Traditional farming practices on the Yucatán Peninsula originated with the region’s native inhabitants, the Maya. Small parcels of forest are cut and burned, then the land planted with various crops. Afterwards the land lays fallow for a few years. This results in mosaic landscapes. The cleared land lies adjacent to forests, other fields that are currently being farmed and stretches of pasture land. “This diverse range of habitat provides excellent conditions for native sweat bees,” explains Professor Robert Paxton from the Institute of Biology at MLU, where Paxton and PhD student Patricia Landaverde-González have studied 37 sites on Yucatán.

The researchers set out to discover how this type of traditional farming impacts biodiversity and bee populations. “One would assume that such a destructive type of farming would have negative consequences for the diversity of pollinator species – particularly bees,” explains Landaverde-González. Fewer bees mean that fewer plants can be pollinated, and around 70 per cent of all plants grown on the Yucatán Peninsula depend on pollination.

The team of researchers collected and identified wild bees at all 37 field sites, experimentally measured the bees’ pollination services and carried out complex statistical analyses based on the collected data. The result: “The pollination of chilli plants is considerably better on the plots of land that are farmed in the traditional way, even when slash-and-burn practices are used,” says biologist Robert Paxton. There appears to be no direct, negative impact of moderate farming on populations of native sweat bees, the major pollinators of chili. Paxton adds that other bee species are not able to adjust as well to these agricultural practices and their populations are therefore much lower. “Adjacent woodland seems to play a major role in supporting a diversity of bee species. We also found lower bee populations on cropland with little residual forest,” Paxton explains.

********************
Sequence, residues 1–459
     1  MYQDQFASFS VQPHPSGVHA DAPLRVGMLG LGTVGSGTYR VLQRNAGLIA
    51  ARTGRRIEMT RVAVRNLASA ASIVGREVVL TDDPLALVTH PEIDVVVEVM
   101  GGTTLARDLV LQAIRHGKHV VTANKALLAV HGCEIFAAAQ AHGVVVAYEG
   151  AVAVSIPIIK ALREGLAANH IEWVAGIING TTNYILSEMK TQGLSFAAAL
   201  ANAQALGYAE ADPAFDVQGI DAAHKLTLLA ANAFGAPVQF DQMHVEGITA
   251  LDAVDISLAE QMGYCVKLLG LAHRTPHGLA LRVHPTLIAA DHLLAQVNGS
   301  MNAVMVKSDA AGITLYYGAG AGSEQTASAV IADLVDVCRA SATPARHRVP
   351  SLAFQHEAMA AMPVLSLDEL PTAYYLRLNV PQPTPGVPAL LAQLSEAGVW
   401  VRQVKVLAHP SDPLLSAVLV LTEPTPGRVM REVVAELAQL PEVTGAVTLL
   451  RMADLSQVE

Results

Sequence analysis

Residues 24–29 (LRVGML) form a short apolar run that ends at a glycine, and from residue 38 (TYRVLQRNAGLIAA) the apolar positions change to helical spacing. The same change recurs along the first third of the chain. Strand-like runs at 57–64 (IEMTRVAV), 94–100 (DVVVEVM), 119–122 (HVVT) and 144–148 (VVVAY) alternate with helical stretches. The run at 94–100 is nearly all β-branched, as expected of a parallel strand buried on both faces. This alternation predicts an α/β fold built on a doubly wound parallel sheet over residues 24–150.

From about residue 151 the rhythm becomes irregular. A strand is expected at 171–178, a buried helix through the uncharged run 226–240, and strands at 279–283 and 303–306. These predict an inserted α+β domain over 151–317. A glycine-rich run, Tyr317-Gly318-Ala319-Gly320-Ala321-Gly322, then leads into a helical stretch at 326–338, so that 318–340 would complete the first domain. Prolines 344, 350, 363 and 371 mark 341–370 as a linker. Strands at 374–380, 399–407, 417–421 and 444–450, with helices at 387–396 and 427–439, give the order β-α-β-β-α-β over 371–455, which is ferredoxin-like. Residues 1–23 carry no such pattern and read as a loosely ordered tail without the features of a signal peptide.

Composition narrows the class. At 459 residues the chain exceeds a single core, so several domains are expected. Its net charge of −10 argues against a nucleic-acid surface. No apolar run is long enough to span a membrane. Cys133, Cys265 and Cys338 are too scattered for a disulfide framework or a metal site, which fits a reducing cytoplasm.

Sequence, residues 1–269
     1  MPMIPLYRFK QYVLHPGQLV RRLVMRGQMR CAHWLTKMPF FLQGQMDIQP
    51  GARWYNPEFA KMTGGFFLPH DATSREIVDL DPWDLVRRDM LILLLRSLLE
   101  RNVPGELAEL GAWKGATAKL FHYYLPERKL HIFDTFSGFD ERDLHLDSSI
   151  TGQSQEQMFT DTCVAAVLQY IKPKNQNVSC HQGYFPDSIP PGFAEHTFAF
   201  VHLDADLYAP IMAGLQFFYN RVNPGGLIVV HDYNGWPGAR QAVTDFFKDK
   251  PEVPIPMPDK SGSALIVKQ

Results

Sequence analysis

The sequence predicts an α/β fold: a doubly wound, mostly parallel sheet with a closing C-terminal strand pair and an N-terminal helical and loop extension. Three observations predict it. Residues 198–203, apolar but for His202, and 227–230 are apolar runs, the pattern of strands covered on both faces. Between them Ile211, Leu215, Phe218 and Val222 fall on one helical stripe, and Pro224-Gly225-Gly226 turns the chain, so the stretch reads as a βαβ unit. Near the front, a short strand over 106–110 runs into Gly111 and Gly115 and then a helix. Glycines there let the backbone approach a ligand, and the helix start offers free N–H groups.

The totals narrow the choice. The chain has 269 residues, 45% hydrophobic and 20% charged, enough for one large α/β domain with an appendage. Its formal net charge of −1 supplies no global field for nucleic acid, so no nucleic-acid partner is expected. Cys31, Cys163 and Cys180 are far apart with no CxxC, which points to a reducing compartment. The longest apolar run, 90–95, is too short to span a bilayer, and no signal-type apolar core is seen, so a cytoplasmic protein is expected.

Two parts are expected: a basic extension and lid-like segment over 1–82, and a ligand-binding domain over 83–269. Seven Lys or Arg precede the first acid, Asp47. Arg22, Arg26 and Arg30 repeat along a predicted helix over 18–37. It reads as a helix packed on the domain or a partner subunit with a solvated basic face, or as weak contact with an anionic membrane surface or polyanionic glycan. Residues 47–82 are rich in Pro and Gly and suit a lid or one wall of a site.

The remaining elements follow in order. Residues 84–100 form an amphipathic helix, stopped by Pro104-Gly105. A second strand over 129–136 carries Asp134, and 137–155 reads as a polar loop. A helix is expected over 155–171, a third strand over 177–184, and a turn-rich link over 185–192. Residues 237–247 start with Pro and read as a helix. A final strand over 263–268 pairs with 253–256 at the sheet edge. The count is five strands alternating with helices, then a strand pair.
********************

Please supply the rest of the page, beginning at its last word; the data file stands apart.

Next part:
The peninsula is also known for its other prominent crops, including avocados, beans, passion fruit and star fruit. The researchers emphasize that these crops are pollinated by other bee species, which in turn, may depend on a more natural environment. In general, this study also shows how important it is to balance moderate farming practices with the protection of forests. This is the only way to maintain ecosystem health and the life-giving services it provides us.

Sugar gives bees a happy buzz, study finds

Photo of a bee drinking a droplet of sugar water. Credit: Clint J Perry

An unexpected sugary snack can give bees a little buzz and appears to lift their mood, even making them optimistic, according to research Thursday that suggests pollinators have feelings, too.

Since emotions are subjective and difficult to measure—particularly in animals—researchers looked at how bees‘ behavior changed after they were given a sip of sucrose solution.

They found that bees learned to fly faster to a container with a sugary drink inside than to one with just water.

“Bees given a 60 percent sucrose reward to induce a positive affective state flew faster to the cylinder than non-rewarded bees,” said the study in the journal Science, led by Clint Perry at the University of London.

“Much like happy people are more likely to make optimistic judgments about ambiguous situations.”

The sugar-buzzed bees also appeared to recover faster from a scare—when they were briefly caught and released, as if attacked by a predator spider—than bees that had not indulged in the sweet treat.

“Sweet food can increase positive emotions and improve negative mood in human adults, and reduce crying and grimacing of newborns in response to aversive stimuli,” said the study.

“If drinking an unexpected sucrose solution caused a positive emotion–like state in bees, we predicted that, after consumption, bees’ aversive reaction to the ‘predator’ would be attenuated,” it added.”Indeed, bees that consumed sucrose solution before the ‘attack’ took less time to reinitiate foraging.”

Researchers said their study lends support to “the notion that invertebrates have states that fit the criteria defining emotion.”

But much remains to be understood about what bees may be feeling, and how it matters to their survival.

“Whether ’emotion-like’ states in insects are accompanied by emotional feelings remains unanswered,” said a related commentary by Michael Mendl and Elizabeth Paul.

“But the possibility of insect consciousness is now the topic of exciting new theories and vigorous debate.”

Explore further: Bees found to use pollens’ taste to determine which flowers to visit

More information: C. J. Perry et al. Unexpected rewards induce dopamine-dependent positive emotion-like state changes in bumblebees, Science (2016). DOI: 10.1126/science.aaf4454

Journal reference: Science